Jack from Tucson brought in an extremely rare specimen from the history of frontier law enforcement. Appraiser Brad Witherell called the 19th-century Colt revolver "an icon of the American West."
The revolver is a Colt .45-caliber, single-action, factory hand-engraved revolver with a 5 1/2-inch barrel and blue finish. Witherell said the gun is in such good condition that it likely is still functional, though it uses only black-powder cartridges and should no longer be fired.
The gun originally belonged to Jack's great-grandfather, shown here in uniform. He was sheriff, and later the first police chief, of Crawford, Nebraska, in the late 1880s.
Jack also has a Colt factory letter certifying the revolver's authenticity and detailing its original specifications. It states that the gun was shipped to a retailer, Hartley & Graham, in New York City on July 11, 1885.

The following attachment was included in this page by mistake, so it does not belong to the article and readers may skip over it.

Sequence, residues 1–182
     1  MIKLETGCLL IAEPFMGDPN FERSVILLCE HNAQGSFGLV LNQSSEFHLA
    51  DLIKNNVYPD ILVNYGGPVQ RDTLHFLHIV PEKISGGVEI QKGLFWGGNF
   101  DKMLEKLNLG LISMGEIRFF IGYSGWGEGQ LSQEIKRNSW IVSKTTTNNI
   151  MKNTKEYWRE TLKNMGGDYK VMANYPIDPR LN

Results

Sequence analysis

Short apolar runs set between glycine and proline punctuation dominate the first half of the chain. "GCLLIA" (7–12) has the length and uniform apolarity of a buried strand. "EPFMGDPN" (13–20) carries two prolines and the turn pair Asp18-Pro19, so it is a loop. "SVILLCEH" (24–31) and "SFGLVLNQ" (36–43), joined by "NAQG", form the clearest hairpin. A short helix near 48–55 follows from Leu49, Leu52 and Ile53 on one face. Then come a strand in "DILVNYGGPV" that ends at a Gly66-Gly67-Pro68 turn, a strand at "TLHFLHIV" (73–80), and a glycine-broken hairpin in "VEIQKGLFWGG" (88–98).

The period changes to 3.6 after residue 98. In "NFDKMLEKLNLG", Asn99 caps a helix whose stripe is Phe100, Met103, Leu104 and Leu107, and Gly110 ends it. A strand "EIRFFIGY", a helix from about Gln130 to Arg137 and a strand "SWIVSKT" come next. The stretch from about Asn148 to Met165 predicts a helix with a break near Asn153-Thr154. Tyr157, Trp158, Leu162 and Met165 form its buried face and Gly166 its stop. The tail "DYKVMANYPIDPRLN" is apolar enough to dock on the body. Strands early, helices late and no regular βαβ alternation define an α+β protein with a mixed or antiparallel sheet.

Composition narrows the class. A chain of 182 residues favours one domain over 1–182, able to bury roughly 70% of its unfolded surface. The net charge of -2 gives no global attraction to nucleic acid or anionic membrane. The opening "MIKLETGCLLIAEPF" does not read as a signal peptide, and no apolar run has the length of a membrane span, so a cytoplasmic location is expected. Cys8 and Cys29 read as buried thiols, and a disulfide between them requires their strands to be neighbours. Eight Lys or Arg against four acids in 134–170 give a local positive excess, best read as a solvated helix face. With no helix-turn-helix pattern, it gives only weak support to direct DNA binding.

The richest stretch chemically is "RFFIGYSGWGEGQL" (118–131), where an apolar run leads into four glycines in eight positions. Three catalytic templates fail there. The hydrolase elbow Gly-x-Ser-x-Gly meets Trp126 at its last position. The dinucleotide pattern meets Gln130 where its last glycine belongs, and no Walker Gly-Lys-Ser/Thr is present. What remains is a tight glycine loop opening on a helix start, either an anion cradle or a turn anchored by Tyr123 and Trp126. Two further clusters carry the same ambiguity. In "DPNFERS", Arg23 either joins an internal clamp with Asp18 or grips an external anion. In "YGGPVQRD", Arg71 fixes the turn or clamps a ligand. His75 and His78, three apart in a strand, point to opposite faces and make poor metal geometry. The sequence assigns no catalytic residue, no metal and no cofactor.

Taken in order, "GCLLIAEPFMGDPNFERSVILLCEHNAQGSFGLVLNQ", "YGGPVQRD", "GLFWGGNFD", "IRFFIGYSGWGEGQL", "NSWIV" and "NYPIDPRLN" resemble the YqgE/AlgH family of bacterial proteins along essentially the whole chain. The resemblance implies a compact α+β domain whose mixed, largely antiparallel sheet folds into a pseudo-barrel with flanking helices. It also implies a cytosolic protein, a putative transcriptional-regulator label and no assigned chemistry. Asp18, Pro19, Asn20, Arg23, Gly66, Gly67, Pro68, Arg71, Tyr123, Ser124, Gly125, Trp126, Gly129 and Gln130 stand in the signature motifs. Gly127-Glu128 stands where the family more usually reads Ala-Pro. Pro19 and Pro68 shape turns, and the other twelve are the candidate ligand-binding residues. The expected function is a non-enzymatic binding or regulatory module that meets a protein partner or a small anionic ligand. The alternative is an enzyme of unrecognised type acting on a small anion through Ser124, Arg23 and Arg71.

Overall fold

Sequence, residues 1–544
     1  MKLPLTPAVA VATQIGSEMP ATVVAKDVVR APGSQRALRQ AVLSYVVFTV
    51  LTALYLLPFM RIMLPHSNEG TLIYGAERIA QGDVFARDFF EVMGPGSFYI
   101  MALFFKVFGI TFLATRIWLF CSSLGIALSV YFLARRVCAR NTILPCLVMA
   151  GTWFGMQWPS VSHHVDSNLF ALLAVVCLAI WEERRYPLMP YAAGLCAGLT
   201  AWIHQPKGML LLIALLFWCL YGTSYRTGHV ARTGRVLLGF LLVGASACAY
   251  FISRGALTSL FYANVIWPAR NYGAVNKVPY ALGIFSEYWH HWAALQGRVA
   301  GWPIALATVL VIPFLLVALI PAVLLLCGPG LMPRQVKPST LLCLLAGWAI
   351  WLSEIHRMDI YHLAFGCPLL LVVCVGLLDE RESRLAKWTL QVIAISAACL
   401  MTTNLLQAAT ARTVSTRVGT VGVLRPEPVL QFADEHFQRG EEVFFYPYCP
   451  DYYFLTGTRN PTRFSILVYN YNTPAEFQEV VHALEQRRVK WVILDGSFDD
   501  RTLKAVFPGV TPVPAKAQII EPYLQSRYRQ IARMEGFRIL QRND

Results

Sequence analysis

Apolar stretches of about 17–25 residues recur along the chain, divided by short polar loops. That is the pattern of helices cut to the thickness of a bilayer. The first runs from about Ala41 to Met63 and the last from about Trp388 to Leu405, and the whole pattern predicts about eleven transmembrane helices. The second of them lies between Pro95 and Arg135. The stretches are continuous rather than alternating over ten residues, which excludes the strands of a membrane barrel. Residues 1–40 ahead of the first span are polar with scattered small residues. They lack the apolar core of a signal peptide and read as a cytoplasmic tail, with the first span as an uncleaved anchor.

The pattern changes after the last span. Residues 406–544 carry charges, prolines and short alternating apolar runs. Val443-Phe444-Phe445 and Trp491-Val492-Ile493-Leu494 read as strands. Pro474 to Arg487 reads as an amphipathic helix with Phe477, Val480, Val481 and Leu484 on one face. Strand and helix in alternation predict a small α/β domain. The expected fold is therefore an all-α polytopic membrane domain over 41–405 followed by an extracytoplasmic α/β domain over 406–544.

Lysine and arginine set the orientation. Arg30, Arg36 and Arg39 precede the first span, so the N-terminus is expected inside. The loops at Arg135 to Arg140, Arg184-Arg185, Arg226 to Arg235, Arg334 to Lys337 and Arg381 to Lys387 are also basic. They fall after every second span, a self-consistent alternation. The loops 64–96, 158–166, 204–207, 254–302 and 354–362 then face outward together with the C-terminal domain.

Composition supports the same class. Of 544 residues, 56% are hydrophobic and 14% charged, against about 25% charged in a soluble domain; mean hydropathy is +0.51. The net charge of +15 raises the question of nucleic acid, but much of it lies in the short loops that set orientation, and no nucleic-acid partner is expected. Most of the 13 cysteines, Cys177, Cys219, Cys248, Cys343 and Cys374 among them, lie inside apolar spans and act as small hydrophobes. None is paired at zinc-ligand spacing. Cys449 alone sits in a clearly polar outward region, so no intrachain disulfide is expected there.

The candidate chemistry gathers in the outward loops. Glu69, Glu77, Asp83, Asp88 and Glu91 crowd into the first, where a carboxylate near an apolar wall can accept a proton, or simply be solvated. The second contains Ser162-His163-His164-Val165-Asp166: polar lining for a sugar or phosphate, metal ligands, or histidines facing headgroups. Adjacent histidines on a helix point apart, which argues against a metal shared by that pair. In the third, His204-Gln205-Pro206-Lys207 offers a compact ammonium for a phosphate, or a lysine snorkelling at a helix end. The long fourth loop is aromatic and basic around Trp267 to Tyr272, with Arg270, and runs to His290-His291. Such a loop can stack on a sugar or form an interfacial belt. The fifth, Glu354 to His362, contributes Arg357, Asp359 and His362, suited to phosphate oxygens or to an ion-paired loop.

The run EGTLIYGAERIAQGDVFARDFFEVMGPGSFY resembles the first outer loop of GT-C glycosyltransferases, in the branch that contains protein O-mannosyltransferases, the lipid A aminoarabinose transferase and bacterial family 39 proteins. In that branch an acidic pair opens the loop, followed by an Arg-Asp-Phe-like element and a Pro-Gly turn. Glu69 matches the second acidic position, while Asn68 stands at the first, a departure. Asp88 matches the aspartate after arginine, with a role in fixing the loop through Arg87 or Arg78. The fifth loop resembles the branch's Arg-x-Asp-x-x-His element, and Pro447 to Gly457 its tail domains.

Though the letter indicates that the revolver was shipped with rubber grips, also known as stocks, it was later fitted with custom pearl grips bearing the owner's initials on one side, and a steer head on the other.
Jack's great-grandfather, wearing his badge, together with his family, in a studio portrait, circa 1885.
Witherell (right) said only about 1 percent of Colt single-action revolvers were ever hand-engraved by the factory. And while the gun has lost much of its original blue finish and has some other minor damage, its rarity combined with such well-documented provenance shoot its retail value up to $25,000.